By Nancy Armour |
Like most freshmen, Donte DiVincenzo thought being on a big-time team meant he was big time, too.
“The Michael Jordan of Delaware,” Villanova coach Jay Wright called him, and no one who heard it then could have mistaken it for a compliment.
Turns out, Wright was onto something without even knowing it.
The backup guard came off the bench to give the reeling Wildcats a lifeline Monday night and wound up getting them their second national title in three years. His 18 points in the first half turned the momentum of the game in Villanova’s favor, and his back-to-back three-pointers in a 52-second span in the second half provided an exclamation point to the Wildcats’ 79-62 victory against Michigan.
DiVincenzo finished with a career-high 31 points, most ever by a non-starter in the championship game and most by anybody since 1989.
Oh, he was named Most Outstanding Player of the Final Four, too.
“He’s worked so hard to make himself the best player he can be every day,” Jalen Brunson said. “Honestly, this is nothing special — excuse me, this is very special. This is nothing surprising for us. We’ve seen Donte do this multiple times this year.
“I’m just so thankful that he was able to have one of those nights tonight.”
It’s something of a tradition now, a guard coming off the bench to lead Villanova to the national title. Two years ago it was Phil Booth, who had a team-high 20 as the Wildcats beat North Carolina in the championship game.
But this, this was something else.
DiVincenzo was 10-for-15, including a blistering 5-for-7 from three-point range. After the last of his threes, he turned toward the camera and winked.
Hey, when you’ve got game like Jordan, there’s no point denying it.
“Even if we had played our best, it would have been very difficult to win that game with what DiVincenzo did. It was an incredible performance,” Michigan coach John Beilein said. “Sometimes those individual performances just beat you, and you just take your hat off and say, `Good game.’ ”
Though DiVincenzo was the Big East’s Sixth Man of the Year and has had big games before — Gus Johnson hung the nickname “Big Ragu” on him after his tip-in basket beat Virginia last year — he’s spent most of the year in the shadow of Brunson, Booth and Mikal Bridges.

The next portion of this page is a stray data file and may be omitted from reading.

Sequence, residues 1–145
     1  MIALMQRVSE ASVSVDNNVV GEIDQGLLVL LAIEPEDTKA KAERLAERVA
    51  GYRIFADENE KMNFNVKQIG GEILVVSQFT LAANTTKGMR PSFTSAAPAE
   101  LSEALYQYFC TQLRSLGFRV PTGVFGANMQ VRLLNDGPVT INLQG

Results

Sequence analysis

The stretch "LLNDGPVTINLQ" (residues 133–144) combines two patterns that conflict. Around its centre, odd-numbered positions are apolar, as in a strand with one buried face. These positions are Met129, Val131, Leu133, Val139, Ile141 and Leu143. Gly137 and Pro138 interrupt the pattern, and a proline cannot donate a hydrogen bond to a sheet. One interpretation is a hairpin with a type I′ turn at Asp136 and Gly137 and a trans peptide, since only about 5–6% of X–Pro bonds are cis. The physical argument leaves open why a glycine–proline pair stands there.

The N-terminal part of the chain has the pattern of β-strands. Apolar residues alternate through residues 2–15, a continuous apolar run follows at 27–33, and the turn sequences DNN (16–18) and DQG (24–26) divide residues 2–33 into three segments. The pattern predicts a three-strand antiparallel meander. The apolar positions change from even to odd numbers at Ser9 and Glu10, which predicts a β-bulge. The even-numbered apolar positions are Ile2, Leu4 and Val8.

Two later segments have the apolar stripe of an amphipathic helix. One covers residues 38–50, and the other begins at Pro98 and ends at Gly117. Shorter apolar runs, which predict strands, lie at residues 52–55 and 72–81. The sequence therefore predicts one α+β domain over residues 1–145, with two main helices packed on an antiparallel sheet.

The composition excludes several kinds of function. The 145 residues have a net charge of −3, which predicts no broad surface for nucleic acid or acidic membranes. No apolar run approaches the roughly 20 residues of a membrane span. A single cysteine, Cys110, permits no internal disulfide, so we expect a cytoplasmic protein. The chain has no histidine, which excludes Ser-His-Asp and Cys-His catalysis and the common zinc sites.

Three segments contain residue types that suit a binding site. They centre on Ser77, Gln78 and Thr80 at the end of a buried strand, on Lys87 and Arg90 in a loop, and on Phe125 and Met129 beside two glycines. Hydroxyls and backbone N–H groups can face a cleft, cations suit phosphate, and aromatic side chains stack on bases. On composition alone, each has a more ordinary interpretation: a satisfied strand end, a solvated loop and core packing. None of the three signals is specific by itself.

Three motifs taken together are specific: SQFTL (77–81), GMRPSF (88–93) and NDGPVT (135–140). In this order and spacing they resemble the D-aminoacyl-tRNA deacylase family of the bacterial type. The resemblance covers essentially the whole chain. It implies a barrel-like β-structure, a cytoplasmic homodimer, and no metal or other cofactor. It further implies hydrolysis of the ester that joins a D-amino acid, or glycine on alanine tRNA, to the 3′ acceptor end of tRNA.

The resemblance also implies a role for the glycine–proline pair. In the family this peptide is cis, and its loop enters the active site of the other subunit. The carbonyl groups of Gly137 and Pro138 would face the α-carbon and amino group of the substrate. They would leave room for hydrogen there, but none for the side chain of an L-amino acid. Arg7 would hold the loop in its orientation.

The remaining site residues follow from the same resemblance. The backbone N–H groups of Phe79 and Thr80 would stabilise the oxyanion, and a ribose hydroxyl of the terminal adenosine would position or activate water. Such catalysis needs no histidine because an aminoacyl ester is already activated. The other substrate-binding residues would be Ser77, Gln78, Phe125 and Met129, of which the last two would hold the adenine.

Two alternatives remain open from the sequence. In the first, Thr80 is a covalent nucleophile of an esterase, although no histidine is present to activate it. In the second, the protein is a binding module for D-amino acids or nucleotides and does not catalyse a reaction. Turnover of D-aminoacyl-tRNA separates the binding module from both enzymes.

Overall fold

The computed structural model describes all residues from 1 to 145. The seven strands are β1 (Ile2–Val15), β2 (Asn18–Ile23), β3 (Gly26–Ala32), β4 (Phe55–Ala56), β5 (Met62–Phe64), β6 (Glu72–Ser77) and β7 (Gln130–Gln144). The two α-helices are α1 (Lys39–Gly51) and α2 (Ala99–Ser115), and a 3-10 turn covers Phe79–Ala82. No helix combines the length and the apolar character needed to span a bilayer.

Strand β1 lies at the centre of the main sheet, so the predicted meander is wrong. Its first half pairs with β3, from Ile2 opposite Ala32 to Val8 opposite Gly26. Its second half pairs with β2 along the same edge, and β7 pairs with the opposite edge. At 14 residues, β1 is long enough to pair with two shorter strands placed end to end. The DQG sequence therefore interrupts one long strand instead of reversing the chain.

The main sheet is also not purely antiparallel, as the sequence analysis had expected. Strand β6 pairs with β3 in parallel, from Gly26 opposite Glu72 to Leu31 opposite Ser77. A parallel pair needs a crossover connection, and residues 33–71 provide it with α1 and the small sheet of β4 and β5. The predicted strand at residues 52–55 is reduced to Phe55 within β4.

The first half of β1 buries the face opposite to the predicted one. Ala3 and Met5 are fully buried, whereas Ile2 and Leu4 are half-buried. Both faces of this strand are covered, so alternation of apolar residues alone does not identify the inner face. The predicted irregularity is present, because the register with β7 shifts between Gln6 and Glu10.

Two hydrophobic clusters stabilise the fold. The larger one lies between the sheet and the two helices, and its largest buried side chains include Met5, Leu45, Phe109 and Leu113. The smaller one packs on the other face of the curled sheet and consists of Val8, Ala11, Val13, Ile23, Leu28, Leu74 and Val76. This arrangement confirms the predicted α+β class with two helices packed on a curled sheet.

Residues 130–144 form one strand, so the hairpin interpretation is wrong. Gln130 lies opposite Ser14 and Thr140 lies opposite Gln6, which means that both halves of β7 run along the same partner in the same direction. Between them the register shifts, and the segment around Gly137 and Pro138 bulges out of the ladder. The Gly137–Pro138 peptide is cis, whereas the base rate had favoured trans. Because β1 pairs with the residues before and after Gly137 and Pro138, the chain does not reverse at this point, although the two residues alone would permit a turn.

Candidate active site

But even if the rest of the country didn’t know what he was capable of, his teammates sure did.
Two years ago, when Villanova was preparing for its Final Four matchup with Oklahoma, DiVincenzo was given the task of playing the otherworldly Buddy Hield on the scout squad. The freshman, redshirting after an injury, played the role almost a little too well, repeatedly lighting up his teammates.
“If we can’t guard Donte,” Wright said then, “how in the world can we expect to guard Buddy Hield?”
A better question might be how in the world can anybody expect to guard DiVincenzo?
“Sometimes I think about if I’m a good defender or not because sometimes in practice he just makes me looks bad,” Bridges said.
Added Brunson, “Buddy Hield’ Donte was a special person. It’s someone that might have just came out tonight.”
What makes Villanova so special is that it has an endless number of ways to beat you. There are a half-dozen Wildcats who can score. If the offense doesn’t kill you, the defense will.
But early in the game Monday night, Villanova was struggling. After dropping three-pointers like it was a Pop-a-Shot contest Saturday night, the Wildcats couldn’t get any to fall. It wasn’t having much luck with 2-pointers, either.
But after Michigan took a 21-14 lead on Moe Wagner’s layup with 10:59 left, DiVincenzo scored on a jumper to start a 23-7 run to close out the half. DiVincenzo had 12 points during the decisive spurt.
Wagner made a layup to start the second half, but Villanova scored seven unanswered points and all that was left was to wait for the confetti. As the final seconds of the game ticked down, DiVincenzo’s teammates mobbed him and he threw the ball high into the air.
“Honestly, no, I did not think that I was going to have this kind of night,” DiVincenzo said. “… These guys did a great job of finding me, and I just found myself in a rhythm.”
The Michael Jordan of Delaware. The nickname has a whole new meaning now.